The main aim of CCT is to deal with the difficulties by establishing a lasting relationship between children and their parents. On the other hand, TF-CBT is based on effective interventions that are aimed at resolving anxiety disorders among children. The study was the first two-site controlled trial that attempted to compare the alternative treatments as far as treatment of PTSD in children was concerned.
Through the study, it was noted that TF-CBT model is the best when it comes to treatment of trauma among children. TF-CBT model was found to be strong in resolving issues related to interpersonal hope, supposed trustworthiness, and embarrassment. Again, the model tended to resolve despair, suffering, and parenting practices among caregivers.
The findings of the study are credible because of the sample used meaning that the treatment model could be employed in the future to help children suffering from trauma related illnesses. One of the weaknesses of the study was that it did not have a control group. The researchers claimed that they did not want to include the control group because of issues to do with ethics.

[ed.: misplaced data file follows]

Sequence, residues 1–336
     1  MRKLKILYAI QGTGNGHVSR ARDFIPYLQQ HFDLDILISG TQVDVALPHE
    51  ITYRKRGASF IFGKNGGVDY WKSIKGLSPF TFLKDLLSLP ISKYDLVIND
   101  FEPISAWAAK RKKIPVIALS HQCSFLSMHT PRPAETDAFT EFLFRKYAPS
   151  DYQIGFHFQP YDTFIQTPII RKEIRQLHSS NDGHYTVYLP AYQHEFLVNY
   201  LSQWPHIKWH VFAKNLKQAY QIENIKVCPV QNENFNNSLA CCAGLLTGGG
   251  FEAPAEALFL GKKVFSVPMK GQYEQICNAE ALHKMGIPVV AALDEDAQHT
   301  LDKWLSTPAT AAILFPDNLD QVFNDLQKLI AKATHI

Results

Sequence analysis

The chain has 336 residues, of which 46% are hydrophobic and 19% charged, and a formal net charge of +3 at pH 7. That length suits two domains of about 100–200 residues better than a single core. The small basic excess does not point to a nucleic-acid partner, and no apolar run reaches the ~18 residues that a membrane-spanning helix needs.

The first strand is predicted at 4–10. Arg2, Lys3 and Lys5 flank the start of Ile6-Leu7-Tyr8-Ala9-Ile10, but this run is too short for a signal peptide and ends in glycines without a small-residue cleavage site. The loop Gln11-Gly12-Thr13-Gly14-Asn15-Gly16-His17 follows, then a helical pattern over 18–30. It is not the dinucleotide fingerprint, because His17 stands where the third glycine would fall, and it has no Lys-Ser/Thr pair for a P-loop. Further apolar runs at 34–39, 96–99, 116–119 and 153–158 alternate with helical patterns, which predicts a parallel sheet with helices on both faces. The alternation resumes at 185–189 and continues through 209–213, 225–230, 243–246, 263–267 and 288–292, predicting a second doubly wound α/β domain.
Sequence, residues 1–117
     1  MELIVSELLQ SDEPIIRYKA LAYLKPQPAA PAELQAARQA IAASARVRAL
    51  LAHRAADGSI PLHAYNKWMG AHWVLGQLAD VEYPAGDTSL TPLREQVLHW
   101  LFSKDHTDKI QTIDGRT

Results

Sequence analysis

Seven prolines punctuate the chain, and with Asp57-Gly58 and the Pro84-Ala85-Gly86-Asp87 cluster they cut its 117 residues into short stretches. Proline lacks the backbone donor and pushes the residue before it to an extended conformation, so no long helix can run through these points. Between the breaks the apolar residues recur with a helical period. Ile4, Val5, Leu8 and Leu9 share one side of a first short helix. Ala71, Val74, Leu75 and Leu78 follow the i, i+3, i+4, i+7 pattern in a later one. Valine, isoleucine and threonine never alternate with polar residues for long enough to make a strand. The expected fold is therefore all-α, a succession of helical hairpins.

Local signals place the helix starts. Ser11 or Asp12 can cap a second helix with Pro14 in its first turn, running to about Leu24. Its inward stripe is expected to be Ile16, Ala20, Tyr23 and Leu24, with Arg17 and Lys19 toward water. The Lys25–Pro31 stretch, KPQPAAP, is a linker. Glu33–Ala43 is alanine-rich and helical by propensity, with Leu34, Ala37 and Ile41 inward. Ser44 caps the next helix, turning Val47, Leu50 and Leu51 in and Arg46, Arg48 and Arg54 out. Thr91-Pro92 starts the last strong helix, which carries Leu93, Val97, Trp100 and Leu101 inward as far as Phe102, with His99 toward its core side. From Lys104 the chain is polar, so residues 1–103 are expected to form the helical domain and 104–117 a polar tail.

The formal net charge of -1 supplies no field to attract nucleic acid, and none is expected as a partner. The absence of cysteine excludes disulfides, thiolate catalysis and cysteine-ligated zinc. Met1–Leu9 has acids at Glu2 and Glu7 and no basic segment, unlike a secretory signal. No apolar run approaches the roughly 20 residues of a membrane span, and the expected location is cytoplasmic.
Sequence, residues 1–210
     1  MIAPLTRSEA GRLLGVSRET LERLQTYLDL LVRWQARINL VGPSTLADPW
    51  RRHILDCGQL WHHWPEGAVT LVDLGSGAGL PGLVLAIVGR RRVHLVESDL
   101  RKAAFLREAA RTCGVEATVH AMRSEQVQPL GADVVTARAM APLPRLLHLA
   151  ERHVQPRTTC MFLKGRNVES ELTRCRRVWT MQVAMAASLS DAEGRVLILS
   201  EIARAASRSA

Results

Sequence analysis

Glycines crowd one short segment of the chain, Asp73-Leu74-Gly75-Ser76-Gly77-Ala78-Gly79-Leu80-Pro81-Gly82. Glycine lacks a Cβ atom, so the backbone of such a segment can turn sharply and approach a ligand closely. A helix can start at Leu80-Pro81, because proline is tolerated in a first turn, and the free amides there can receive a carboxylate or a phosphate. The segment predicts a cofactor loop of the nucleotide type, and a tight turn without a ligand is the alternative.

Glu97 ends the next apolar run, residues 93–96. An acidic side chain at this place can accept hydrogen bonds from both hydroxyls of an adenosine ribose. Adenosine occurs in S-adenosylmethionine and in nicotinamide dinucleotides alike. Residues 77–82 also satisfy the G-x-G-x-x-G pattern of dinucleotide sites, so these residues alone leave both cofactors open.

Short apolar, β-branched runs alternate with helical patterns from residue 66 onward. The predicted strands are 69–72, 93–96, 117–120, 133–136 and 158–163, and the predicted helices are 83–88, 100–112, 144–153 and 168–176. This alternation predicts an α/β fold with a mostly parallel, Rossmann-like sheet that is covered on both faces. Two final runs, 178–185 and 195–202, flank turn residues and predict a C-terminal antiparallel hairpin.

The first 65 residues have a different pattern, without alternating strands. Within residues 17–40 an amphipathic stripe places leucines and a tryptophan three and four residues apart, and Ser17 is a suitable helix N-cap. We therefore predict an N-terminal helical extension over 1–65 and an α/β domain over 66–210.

Deblinger, Mannarino, Cohen, Runyon, and Steer (2011) conducted a study to establish the effects of trauma on the normal growth and development of children. In their study, they noted that child sexual abuse is often related to development of several mental psychological health disorders and the best treatment approach is the Trauma-Focused Cognitive Behavioral Therapy (TF-CBT).
Their main concern was the number of sessions that have to be conducted to achieve clinical efficiency and whether the trauma narrative has a role to play in the diagnosis process. The study undertook at least eight sessions versus sixteen sessions to understand the effects of TF-CBT with or without trauma narrative. The study sample was two-hundred and ten children aged four and eleven years. The results indicated that the treatment method is effective.
It was concluded that the TF-CBT is a better way of dealing with trauma among children, irrespective of whether trauma narrative is given or not. The treatment technique improves the diagnosis of the symptoms, as well as the parenting skills. Children felt more secure after the tests meaning that the method guarantees personal safety among the young persons.
Cohen, J. A., Deblinger, E., Mannarino, A. P., & Steer, R. (2004). A multisite randomized controlled trial for children with sexual abuse related PTSD symptoms. Journal of the American Academy of Child & Adolescent Psychiatry, 43(1), 393‑402.
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Deblinger, E., Mannarino, A. P., Cohen, J. A., Runyon, M. K., & Steer, R. A. (2011). Trauma‑Focused Cognitive Behavioral Therapy for children: Impact of the trauma narrative andtreatment length. Depression and Anxiety, 28(1), 67–75
Grayson, J. (2012). Evidence-based treatments for childhood trauma. Virginia Child Protection Newsletter, 95(1), 1-21.